The Yeh script is written from left to right, from top to bottom. It is traditionally written on paper with a pen and ink, but can be adapted to other media and writing implements, or represented digitally. It consists of 131 unique glyphs, 114 of which represent consonant+vowel sequences, an additional 6 glyphs representing syllables consisting of a single vowel. The remaining 11 glyphs represent single consonants, and are used only in consonant clusters or syllable codas.
The chart below contains the complete set of glyphs, organized vertically by consonant, and horizontally by the accompanying vowel. Glyphs appearing in rows or columns with the null sign (∅) represent single consonant or vowels.
Glyphs in the Yeh writing system that share an initial consonant tend to have a similar overall form, with some variation. There are patterns to how each glyph is transformed to indicate different accompanying vowels, though it's not applied consistently. Generally speaking, /a/ is made with a curve, /e/ with a dot, /ə/ (romanized as ë) with a line in the middle, /o/ with parallel lines, /u/ with an angled or intersecting line, and /i/ with a vertical line. As such, the Yeh writing system can be classified as an abugida, or alphasyllabary.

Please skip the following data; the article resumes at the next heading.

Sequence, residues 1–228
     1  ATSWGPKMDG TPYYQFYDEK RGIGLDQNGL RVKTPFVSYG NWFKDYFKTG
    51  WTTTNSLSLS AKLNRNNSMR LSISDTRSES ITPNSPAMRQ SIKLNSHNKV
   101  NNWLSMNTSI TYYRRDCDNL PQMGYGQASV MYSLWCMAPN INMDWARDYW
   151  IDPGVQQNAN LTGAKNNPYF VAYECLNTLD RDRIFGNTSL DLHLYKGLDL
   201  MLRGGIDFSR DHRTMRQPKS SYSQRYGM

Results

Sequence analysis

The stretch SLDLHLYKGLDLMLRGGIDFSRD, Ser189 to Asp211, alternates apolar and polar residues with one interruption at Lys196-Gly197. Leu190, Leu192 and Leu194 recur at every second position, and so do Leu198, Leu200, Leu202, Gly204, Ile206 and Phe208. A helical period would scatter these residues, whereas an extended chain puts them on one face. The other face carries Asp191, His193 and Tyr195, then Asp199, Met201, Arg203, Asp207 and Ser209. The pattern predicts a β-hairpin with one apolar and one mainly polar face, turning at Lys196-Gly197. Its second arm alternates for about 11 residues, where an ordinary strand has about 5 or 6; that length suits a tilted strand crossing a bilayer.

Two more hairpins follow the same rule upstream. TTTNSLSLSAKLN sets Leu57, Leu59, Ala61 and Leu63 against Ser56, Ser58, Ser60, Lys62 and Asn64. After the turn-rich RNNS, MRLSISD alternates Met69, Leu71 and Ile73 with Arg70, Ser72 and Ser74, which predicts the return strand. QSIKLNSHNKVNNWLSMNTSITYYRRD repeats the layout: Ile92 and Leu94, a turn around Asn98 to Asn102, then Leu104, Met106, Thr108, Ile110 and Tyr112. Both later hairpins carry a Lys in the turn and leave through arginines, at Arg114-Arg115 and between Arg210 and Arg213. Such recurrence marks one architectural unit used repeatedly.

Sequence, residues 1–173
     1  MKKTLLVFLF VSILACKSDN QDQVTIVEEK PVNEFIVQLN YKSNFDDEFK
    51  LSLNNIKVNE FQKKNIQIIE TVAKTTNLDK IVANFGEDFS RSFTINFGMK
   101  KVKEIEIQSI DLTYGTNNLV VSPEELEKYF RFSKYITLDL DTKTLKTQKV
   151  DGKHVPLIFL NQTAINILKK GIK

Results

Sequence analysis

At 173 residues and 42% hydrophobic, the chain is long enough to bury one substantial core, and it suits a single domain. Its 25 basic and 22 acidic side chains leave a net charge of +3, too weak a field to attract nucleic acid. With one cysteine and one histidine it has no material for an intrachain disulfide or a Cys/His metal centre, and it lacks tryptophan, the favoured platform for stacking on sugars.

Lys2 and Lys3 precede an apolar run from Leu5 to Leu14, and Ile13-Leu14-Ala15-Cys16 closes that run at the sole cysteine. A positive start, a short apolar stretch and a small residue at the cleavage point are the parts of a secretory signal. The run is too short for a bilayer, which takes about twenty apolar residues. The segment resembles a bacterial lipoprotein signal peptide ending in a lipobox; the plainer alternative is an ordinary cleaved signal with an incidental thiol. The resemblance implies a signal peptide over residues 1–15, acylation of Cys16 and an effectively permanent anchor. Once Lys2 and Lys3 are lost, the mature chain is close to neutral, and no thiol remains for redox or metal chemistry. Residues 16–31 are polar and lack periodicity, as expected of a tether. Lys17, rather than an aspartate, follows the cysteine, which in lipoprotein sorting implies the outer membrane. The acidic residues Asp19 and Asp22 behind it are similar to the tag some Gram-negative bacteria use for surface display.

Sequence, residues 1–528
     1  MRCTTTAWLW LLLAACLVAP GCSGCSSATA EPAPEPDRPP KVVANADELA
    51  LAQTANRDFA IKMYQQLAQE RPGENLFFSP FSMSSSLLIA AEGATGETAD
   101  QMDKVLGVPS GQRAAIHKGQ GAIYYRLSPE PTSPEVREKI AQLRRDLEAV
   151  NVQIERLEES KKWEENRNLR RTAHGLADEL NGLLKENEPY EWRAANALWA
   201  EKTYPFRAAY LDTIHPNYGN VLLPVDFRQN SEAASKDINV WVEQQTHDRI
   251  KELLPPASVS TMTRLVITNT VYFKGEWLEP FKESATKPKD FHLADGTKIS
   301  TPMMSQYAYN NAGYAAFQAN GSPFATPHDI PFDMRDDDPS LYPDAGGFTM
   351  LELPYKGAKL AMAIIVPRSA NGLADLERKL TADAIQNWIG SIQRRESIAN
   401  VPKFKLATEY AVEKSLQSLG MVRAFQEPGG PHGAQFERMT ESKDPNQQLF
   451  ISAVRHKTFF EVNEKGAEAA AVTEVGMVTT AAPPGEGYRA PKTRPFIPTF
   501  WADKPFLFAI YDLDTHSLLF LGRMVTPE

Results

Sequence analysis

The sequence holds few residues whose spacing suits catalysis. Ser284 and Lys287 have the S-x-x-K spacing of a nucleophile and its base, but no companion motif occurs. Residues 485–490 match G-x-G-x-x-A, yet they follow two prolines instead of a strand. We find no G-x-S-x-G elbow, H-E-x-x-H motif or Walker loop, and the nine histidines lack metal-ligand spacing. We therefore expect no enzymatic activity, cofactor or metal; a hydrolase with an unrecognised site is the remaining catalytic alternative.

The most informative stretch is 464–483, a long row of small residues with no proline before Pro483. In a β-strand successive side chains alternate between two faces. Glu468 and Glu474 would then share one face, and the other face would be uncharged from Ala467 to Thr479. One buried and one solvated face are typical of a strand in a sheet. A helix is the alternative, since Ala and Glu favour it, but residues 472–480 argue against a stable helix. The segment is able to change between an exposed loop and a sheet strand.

A vertical line above a glyph, similar to an accute accent, indicates a stressed syllable. The stress mark is applied to the vowel or consonant + vowel glyph containing the nucleus of the stressed syllable.
Yeh has phonemic stress, and there exists pairs of Yeh words that differ only in which syllable receives stress. When written, stress is only required to be marked on these words, to remove ambiguity. It may also be marked, optionally, on uncommon words that don't conform to Yeh's weighted stress rules. But marking stress is not obligatory for every word, and it is usually omitted when possible.
There are 3 possible diphthongs in Yeh. In the Yeh writing system, these are indicated by a diphthong mark. When the diphthong mark is applied, /a/ becomes /ai̯/, /o/ becomes /oi̯/, and /u/ becomes /au̯/. Two stress marks appearing above a glyph indicates that it is both a diphthong and a stressed syllable.
Yeh orthography makes use of a comma like symbol to mark pauses or delimit clauses. Sentences are ended with a chevron-like symbol, similar in function to a period. Space is left between words, with the exception of widely-recognized compound words, which are written without a space inbetween them.
Yeh also has a set of written place-value numerals, created to represent base 20 values. In day to day use, these have mostly been replaced by Arabic numerals in base 10, though the Yeh numerals are still used for ceremonial purposes. Written numerals can be found in the numeral section of this site.
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